Silence isn’t golden.
It turns out that over the last 10 years, physicians have been ordering a lot more diagnostic tests. Partly due to the sheer volume of medical data created, a significant number of diagnostic test results may not end up being seen by your doctor or communicated to you.
In short: you get an important diagnostic test and the right people may never review the results.
That’s what researchers reported in the Journal of the American College of Radiology (JACR). Researchers, led by Brian Gale, MD, MBA, of the Department of Radiology, State University of New York Downstate Medical Center, in Brooklyn, New York, found 306 of 8,417 medical malpractice cases between 2004 and 2008 were related to failure to communicate test results. The cases accounted for 7% of payouts, with radiologists cited as the primary defendants in about 8% of the cases. Total malpractice payouts in the U.S. for all medical specialties related to diagnostic test communication failures went from $211.7 million in 1991 to $91 million in 2009, according to the researchers.
There are some ways to ensure your test results get reviewed and reported to the necessary clinicians and to you:
- Make sure the tests you get are needed in the first place. If your physician suggests you should have a test, ask what he or she hopes to learn from the test and why it is being done now. Find out what the downsides of skipping the test might be, and whether it would make sense to wait and see whether your medical situation improves. You can also ask whether there are reasonable alternatives to the test.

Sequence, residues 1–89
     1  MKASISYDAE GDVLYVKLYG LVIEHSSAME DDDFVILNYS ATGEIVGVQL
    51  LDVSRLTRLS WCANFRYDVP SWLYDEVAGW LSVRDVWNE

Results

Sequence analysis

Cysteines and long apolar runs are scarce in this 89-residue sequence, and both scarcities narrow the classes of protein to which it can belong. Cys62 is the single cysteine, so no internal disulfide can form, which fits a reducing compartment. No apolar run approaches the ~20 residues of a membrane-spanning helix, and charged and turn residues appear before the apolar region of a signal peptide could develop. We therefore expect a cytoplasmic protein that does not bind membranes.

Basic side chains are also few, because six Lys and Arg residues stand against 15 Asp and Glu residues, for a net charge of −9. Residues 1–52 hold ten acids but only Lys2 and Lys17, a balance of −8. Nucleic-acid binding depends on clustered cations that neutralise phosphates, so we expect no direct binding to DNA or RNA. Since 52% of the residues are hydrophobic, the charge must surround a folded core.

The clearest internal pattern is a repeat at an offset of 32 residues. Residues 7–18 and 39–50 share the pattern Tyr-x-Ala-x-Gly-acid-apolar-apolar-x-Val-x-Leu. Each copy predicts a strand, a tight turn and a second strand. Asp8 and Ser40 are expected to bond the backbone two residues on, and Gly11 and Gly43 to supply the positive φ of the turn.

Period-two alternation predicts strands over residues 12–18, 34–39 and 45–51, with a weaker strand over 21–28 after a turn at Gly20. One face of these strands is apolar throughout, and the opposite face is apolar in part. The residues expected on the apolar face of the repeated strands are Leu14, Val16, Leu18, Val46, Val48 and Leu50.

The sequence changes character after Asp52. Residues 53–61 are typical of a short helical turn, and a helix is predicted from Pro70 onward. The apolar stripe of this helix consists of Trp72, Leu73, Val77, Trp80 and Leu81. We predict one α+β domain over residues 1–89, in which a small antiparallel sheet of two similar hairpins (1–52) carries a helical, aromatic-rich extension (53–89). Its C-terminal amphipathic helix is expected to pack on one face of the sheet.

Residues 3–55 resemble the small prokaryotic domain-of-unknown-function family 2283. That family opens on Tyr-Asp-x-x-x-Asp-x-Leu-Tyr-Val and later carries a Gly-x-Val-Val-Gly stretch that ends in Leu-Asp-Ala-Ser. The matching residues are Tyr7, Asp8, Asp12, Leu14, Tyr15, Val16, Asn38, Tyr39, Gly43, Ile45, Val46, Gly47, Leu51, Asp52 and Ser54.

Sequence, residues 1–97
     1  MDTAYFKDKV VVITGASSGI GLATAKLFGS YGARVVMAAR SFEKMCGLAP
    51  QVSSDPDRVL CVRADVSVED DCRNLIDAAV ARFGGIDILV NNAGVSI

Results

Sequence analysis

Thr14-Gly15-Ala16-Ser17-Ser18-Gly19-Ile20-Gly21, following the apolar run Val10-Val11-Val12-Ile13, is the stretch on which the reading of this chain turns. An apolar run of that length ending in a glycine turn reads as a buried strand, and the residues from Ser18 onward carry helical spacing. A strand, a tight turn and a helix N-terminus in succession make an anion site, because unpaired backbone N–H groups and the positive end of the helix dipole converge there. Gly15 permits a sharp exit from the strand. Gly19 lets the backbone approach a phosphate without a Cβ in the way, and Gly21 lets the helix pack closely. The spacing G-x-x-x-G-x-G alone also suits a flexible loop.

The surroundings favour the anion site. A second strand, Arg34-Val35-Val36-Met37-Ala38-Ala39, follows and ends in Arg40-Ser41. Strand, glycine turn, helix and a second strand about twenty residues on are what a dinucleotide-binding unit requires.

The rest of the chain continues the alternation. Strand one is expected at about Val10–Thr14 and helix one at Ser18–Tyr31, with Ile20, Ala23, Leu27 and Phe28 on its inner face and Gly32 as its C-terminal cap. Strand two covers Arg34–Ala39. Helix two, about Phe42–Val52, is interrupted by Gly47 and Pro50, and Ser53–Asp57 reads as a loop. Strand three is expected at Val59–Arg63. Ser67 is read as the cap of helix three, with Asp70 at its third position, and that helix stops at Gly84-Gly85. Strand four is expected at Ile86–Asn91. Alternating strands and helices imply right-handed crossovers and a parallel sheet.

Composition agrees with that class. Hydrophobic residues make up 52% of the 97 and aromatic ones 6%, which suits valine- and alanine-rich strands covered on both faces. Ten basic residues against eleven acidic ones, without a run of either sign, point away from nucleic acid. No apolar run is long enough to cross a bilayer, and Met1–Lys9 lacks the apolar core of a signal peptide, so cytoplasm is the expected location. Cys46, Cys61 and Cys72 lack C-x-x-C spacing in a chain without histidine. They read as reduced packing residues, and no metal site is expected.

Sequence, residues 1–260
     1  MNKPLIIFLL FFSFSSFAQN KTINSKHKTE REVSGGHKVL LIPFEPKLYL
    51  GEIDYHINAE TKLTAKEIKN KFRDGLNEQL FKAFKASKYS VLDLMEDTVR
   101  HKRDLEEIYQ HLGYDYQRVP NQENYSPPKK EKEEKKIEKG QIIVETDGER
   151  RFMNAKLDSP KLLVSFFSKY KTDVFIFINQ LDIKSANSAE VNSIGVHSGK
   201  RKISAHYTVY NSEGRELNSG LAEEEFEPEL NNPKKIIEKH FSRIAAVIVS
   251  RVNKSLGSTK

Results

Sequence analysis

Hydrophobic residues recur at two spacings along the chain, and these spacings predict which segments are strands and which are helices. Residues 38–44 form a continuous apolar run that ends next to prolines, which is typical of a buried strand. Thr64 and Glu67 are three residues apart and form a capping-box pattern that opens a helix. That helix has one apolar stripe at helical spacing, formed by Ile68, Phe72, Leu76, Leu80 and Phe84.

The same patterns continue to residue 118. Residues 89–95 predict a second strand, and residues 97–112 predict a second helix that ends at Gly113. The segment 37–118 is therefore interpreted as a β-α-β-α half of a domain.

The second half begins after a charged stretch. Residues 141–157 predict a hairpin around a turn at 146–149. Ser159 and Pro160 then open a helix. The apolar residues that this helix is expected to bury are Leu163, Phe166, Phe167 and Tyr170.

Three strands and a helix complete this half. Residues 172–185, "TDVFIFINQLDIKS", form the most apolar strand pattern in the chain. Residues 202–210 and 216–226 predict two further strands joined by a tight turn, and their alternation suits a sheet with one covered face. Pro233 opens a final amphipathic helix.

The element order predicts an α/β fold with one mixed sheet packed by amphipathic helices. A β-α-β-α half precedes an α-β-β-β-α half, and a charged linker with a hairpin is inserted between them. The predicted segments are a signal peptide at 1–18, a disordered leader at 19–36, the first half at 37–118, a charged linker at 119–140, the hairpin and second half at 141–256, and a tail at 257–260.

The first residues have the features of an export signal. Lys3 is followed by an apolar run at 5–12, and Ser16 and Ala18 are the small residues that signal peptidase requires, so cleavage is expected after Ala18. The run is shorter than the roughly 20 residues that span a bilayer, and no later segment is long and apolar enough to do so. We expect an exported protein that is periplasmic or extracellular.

- Before you go for the test, ask your physician how soon he or she will have the results and whether the office will notify you. If you don’t hear from the office, don’t assume your test results are fine. Always call.
- Ask for a copy of the written evaluation of the diagnostic test, read it carefully and keep it in your own “medical record” file at home.
- Send a copy of the written report to your internist or other physicians if you think they should be aware of the test results. Don’t assume that one physician will automatically communicate with your other doctors.
- If you or a family member is in the hospital, it’s equally important to follow up on medical tests and ask about the results. Do not assume they have been evaluated by your physician or consulting specialists. A S K and follow up.
- If you or a family member is about to get discharged from the hospital, ask what test results are still pending and talk to the physician about how to get the results if they’re not back yet when you leave the hospital. Many studies have shown these tests tend to fall in the gap between hospital and home.